Jacob Kilby sat anxiously in his chair. Like other guests at the outdoor wedding, he was eager to see the bride, a woman he had never actually met, begin her momentous walk down the aisle lined with flowers. It would be a life-changing moment for her — and for him.
“I was so excited,” Kilby said.
Beneath a beautiful backdrop of Alaskan mountains, Kelly and Becky Turney became man and wife. During the vows, Kelly paused to make an announcement. All eyes soon turned toward Kilby, who had stood up and was now walking down the aisle toward the couple.
“Kelly let Becky know that her (late-son from a previous marriage) was there in spirit because the recipient of his heart was standing in front of her. I was her wedding present,” Kilby said. “Everyone clapped and cried. I had the honor of standing through the rest of the ceremony as a groomsman. It was surreal.”
Kilby was born with hypoplastic left heart syndrome, a complex and rare heart defect that leaves part of the organ critically underdeveloped. He had a heart transplant at age 2, but at age 20, he suffered a heart attack and required another transplant. Kilby was on the wait list for months when he finally received the organ that would save his life.
The transplant happened two years ago, and the heart that now beats in Kilby’s chest once belonged to Becky’s 19-year-old son, Tristan Green.
“He was a giving person that always put other people before himself,” said Kilby, who spent days following the wedding ceremony with Green’s friends and family, learning more about his donor. “I didn’t get to meet the family of my first donor so this was super cool and something I never thought would happen. It was very emotional.”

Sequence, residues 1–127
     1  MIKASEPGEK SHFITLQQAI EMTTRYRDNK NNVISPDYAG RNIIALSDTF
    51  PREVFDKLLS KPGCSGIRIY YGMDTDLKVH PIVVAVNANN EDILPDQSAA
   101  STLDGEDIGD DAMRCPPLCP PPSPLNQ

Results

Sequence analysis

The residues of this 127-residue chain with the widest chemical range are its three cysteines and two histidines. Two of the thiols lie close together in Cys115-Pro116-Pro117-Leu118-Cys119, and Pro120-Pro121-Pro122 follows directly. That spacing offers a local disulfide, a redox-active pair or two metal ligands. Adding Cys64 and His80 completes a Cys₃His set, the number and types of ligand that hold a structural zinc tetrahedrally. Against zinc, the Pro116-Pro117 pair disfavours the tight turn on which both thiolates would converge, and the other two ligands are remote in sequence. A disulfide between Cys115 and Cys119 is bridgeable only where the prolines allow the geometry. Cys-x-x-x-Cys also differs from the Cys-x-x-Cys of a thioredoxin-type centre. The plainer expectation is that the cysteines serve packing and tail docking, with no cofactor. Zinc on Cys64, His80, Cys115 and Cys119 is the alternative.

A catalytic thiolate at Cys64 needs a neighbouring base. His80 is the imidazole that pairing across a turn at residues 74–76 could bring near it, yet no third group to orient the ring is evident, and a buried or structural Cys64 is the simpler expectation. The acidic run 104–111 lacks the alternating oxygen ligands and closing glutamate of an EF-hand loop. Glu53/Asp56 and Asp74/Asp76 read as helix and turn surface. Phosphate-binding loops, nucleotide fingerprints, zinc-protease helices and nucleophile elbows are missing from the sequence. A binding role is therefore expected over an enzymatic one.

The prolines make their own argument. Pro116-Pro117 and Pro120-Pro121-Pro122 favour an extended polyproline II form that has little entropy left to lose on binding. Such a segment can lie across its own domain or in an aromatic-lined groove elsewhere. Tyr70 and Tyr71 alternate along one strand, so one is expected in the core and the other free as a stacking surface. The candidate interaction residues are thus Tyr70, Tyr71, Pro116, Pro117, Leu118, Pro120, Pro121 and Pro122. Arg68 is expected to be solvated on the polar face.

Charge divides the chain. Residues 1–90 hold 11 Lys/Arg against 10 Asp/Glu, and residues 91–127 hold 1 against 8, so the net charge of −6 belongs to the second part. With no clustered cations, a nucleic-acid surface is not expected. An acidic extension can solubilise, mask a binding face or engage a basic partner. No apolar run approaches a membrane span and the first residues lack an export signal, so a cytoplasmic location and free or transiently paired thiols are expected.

Becky had previously communicated with Kilby, but only through messages online and a phone call on her birthday. It was Kelly, the groom, who planned the surprise face-to-face meeting on their wedding day. It was then, after tears and embraces, that Becky picked up a stethoscope and heard her son’s heartbeat again.
“We instantly bonded and will forever be part of each other’s lives,” said Kilby, recalling the moment. He now talks to the Turneys almost every day.
After the Turney’s wedding photographer posted photos online, the story went viral and received national attention. Kilby is a UC San Diego Health patient and
Victor Pretorius, MBChB, cardiothoracic surgeon, performed his heart transplant.
“Jacob’s heart attack closed down vessels and arteries and the only treatment option was a transplant. He tolerated the procedure very well and his new heart worked beautifully right from the start,” said Pretorius. “Because he was in the hospital for such a long time, we all got to know him. He was always in good spirits with a great personality. Everybody loved him.”
Pretorius said Kilby can expect to get another 20 years or so with his new heart.
UC San Diego Health performed 32 heart transplants in 2016 and the program continues to grow. Surgeons at Sulpizio Cardiovascular Center (https://health.ucsd.edu/specialties/cardiovascular/Pages/default.aspx) at UC San Diego Health treat the most complex cases with a focus on comprehensive care and a multidisciplinary approach.